Meet the Autism Professional …. Specialist Speech and Language Therapist

Meet the professionals

It has been a while since my last ‘Meet the Autism Professional’ Interview. So it is time to put the spotlight on Jessie a Specialist Speech and Language Therapist.

Throughout the process of getting an autism diagnosis we met with lots of different people working with autistic children.  After my son’s diagnosis we began the process to get an Education Health and Care Plan. Again meeting lots of different professionals.  Often my son would be assessed at Pre-school without me. I found myself wondering who the person is and what they are looking at. Many of the people working with autistic children have job titles that meant very little to me. I had no idea what they actually do. If you don’t know your Educational Psychologist from your SENCO you can check out my Glossary.

It is these professionals that have all provided input to my son’s targets and supports. Many of their reports and suggestions have been very helpful.  So for those of you meeting with professionals for the first time.  I thought it would be useful to do a series of interviews so we can find out a bit more about the professionals working with our children.

Meet the professional

Jessie – Specialist Speech and Language Therapist

My boys were both referred to Speech and Language Therapists by the Health Visitor around 2 years old. We saw the local Speech Therapist who then referred both boys onto the pre-school complex needs team at the local hospital where we worked with Specialist Speech and Language Therapists to work on things like the Picture Exchange Communication System and Intensive Interaction. Jessie a Specialist Speech and Language Therapist, has agreed to a few questions to give us a little more insight into her job.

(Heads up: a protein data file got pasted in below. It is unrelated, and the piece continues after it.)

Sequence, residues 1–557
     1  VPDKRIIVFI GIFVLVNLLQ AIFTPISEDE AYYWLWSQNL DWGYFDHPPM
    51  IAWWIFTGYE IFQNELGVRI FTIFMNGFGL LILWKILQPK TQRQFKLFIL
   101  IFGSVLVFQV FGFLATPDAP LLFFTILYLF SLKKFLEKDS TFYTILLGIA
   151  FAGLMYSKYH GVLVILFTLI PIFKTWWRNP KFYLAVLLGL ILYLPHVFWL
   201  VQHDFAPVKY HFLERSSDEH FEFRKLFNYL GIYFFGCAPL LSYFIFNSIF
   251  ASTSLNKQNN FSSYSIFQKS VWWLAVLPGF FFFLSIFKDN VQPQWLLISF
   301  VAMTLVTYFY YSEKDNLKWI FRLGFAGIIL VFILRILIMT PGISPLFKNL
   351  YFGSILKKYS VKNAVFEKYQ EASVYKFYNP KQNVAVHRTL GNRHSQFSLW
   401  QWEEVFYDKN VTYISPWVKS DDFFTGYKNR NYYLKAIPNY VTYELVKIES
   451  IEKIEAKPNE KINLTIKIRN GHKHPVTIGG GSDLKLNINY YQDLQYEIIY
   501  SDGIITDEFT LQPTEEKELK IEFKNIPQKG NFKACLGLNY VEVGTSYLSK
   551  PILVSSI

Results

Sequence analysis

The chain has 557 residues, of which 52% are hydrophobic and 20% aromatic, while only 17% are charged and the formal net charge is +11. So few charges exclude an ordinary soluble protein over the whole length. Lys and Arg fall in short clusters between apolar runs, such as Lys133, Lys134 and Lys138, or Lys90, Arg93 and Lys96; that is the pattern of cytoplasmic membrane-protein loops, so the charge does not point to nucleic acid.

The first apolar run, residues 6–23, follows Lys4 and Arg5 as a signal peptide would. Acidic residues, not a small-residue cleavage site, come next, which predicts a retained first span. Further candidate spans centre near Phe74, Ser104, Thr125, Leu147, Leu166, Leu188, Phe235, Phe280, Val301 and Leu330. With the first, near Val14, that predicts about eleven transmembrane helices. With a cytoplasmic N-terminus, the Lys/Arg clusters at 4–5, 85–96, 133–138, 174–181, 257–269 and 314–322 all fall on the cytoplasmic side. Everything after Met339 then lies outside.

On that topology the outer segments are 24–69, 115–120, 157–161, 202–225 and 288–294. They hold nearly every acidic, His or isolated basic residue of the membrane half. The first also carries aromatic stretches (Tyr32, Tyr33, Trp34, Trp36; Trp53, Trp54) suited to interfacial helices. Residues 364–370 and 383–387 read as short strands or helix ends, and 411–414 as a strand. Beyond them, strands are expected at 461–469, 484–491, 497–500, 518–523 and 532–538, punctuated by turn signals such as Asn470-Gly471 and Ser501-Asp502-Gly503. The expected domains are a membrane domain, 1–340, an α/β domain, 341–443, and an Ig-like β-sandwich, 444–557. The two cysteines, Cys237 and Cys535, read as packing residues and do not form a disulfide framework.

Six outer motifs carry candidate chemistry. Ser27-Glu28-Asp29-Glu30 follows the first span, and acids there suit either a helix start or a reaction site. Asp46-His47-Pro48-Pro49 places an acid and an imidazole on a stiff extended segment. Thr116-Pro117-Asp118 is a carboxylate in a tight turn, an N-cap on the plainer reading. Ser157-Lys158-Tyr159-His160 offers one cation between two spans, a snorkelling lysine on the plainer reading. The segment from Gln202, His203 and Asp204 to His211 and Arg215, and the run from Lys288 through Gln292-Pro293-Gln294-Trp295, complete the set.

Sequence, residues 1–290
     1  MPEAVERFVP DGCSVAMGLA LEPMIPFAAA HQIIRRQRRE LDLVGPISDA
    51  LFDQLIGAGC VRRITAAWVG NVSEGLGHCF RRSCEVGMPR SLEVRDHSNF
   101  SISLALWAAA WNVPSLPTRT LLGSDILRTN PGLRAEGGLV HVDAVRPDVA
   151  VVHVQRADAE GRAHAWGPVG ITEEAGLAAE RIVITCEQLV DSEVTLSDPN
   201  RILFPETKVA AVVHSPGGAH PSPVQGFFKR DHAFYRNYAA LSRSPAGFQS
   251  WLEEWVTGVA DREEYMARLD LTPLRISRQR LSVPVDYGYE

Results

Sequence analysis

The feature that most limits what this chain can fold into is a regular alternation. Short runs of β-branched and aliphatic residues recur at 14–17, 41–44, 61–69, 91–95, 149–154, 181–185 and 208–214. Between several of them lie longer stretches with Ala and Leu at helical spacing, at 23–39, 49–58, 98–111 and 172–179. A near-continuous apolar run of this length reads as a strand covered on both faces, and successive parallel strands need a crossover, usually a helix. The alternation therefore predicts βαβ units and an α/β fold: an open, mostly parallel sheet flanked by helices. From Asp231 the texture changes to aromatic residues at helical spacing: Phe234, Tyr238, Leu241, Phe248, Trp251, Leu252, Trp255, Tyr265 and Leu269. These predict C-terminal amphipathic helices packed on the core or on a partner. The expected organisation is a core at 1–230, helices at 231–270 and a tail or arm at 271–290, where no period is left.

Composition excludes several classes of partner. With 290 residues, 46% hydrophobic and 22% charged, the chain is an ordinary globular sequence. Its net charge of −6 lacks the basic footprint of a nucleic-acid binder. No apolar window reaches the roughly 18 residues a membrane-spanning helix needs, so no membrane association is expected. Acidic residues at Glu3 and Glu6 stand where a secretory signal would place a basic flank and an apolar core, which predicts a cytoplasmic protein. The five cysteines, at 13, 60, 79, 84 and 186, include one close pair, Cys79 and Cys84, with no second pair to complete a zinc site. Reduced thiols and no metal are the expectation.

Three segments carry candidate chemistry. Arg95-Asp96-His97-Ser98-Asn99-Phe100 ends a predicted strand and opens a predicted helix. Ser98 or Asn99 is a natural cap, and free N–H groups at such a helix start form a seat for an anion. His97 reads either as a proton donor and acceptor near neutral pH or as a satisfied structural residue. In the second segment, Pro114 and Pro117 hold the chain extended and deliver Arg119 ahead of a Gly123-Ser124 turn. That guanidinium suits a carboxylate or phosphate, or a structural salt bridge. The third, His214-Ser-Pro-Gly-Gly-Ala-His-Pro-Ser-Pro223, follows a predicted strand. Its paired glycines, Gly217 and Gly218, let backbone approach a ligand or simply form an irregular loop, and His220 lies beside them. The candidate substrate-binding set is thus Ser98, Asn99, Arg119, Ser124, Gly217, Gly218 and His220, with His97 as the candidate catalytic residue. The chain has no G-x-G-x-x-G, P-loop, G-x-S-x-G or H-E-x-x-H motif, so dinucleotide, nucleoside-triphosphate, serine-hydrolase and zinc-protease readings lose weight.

1: Can you tell us about your job and how you support autistic children?

I work as a Specialist Speech and Language Therapist. I am part of team which works with preschool children with complex needs. This includes children with Autism and those who are going through the diagnostic process.

2: How and why did you start working with autistic children?

I started this role just over 3 years ago. I had really enjoyed working with children with autism in the past, and when the opportunity came up to do more focused, ongoing work, I jumped at it!

3: What do you enjoy most about your job?

I love the variety of my job. I work with a lot of brilliant children and their families, and this means going into people’s homes, into nurseries, and seeing children in outpatient clinics. Each child is very different and so the approach we have to take varies, and I really enjoy this.

4: Who are you employed by?

I am employed by Virgin Care, who provide Children’s Community Services across Wiltshire on behalf of the local NHS and council. These services are, of course, free for local children and young people across the county.   

5: What is your role in the Education, Health and Care Plan Process?

When I work with a child who is going through the EHCP process, I am asked to contribute a report detailing their speech, language and communication needs. This might include sections on their attention and listening, their understanding of spoken language, their communication (verbal and non-verbal) and their social communication skills. This also contains outcomes which are reviewed at the annual reviews for the child.

6: What has surprised you most about working with children with autism?

Every time I think I’m getting a handle on how autism can look in preschool children, I come across a new aspect to children with autism. They are engaging, often humourous, fascinating and brilliant to be around and I am constantly surprised and challenged by their skills and unique way of viewing the world. 

7: What do you find most challenging within your job?

Sometimes it can be challenging talking to parents about their children’s needs in relation to their autism. Some parents find it a huge relief that a diagnosis may be on the cards, others find it understandably very distressing, and however gently we start these conversations they can still be very hard to have.  It is always a journey, and it’s a privilege that in our team we get to work with parents throughout this process.